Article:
As respondents’ science-literacy scores increased, concern with climate change decreased (r=−0.05, P=0.05). There was also a negative correlation between numeracy and climate change risk (r=−0.09, P<0.01). The differences were small, but nevertheless inconsistent with SCT, which predicts effects with the opposite signs.

[…]

Contrary to SCT predictions, higher degrees of science literacy and numeracy are associated with a small decrease in the perceived seriousness of climate change risks.

Or to simplify, the difference between the believing herd and thinking individualists. 

Speaking of the herd vs individualists, that takes us to the second claim:

If cultural cognition is merely a heuristic substitute for scientific knowledge and system 2 reasoning, reliance on it should be lowest among those individuals whose scientific knowledge and system 2 reasoning capacity are highest. SCT thus implies that as science literacy and numeracy increase, the scepticism over climate change associated with a hierarchical individualistic world-view should lessen and the gap between people with hierarchical individualistic world-views and those with egalitarian communitarian ones should diminish.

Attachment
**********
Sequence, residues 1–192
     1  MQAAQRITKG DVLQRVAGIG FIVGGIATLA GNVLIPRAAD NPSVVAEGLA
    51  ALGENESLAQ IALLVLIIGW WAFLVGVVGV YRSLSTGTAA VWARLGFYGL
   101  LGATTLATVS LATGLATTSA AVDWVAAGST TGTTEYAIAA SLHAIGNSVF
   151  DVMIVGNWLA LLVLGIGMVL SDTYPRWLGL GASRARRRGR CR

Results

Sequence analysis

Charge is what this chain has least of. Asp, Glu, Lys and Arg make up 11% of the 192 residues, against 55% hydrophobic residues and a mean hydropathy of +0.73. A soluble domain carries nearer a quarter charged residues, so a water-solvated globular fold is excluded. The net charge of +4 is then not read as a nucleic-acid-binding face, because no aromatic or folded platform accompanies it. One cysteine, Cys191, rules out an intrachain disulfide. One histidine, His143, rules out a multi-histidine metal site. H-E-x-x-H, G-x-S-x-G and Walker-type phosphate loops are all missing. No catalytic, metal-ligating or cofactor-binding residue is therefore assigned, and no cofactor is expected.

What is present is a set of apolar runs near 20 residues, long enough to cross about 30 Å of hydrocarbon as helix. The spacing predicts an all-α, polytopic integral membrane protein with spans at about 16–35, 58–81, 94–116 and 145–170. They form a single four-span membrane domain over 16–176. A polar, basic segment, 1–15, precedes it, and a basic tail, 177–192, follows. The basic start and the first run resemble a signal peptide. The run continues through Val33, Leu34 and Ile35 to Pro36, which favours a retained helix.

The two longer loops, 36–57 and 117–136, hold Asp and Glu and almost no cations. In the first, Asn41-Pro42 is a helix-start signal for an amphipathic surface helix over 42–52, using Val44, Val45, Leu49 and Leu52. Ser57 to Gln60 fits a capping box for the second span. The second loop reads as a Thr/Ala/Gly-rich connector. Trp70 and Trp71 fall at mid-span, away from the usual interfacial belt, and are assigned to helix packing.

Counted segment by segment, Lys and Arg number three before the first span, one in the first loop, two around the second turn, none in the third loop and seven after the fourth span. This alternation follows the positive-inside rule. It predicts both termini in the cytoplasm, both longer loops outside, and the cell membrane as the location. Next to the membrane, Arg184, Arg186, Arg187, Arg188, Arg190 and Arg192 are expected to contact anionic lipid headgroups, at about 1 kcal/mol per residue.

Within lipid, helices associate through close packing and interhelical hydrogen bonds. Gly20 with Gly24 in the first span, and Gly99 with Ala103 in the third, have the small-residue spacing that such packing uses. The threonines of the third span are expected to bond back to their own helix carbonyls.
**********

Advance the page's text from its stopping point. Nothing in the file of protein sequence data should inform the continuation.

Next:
Not valid:

Among egalitarian communitarians, science literacy and numeracy (as reflected in the composite scale Science literacy/numeracy) showed a small positive correlation with concern about climate change risks (r=0.08, P=0.03). In contrast, among hierarchical individualists, Science literacy/numeracy is negatively correlated with concern (r=−0.12, P=0.03). Hence, polarization actually becomes larger, not smaller, as science literacy and numeracy increase.

Contrary to SCT’s predictions, highly science-literate and numerate hierarchical individualists are more sceptical, not less, of climate change risks.

These results won’t slow down the alarmists or stop them from calling skeptics scientifically illiterate.  But it will allow skeptics to laugh in their face when they do.

Another in a long line of alarmist myths about AGW put to death by …. science.

~McQ

Twitter: @McQandO

New UN IPCC report drops AGW as the cause of climate change